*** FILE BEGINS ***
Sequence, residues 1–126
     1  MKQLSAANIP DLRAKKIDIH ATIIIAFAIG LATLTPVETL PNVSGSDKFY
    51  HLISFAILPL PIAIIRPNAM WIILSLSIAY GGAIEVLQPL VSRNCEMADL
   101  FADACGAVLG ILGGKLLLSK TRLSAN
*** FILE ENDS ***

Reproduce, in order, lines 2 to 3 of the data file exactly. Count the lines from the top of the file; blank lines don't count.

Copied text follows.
     1  MKQLSAANIP DLRAKKIDIH ATIIIAFAIG LATLTPVETL PNVSGSDKFY
    51  HLISFAILPL PIAIIRPNAM WIILSLSIAY GGAIEVLQPL VSRNCEMADL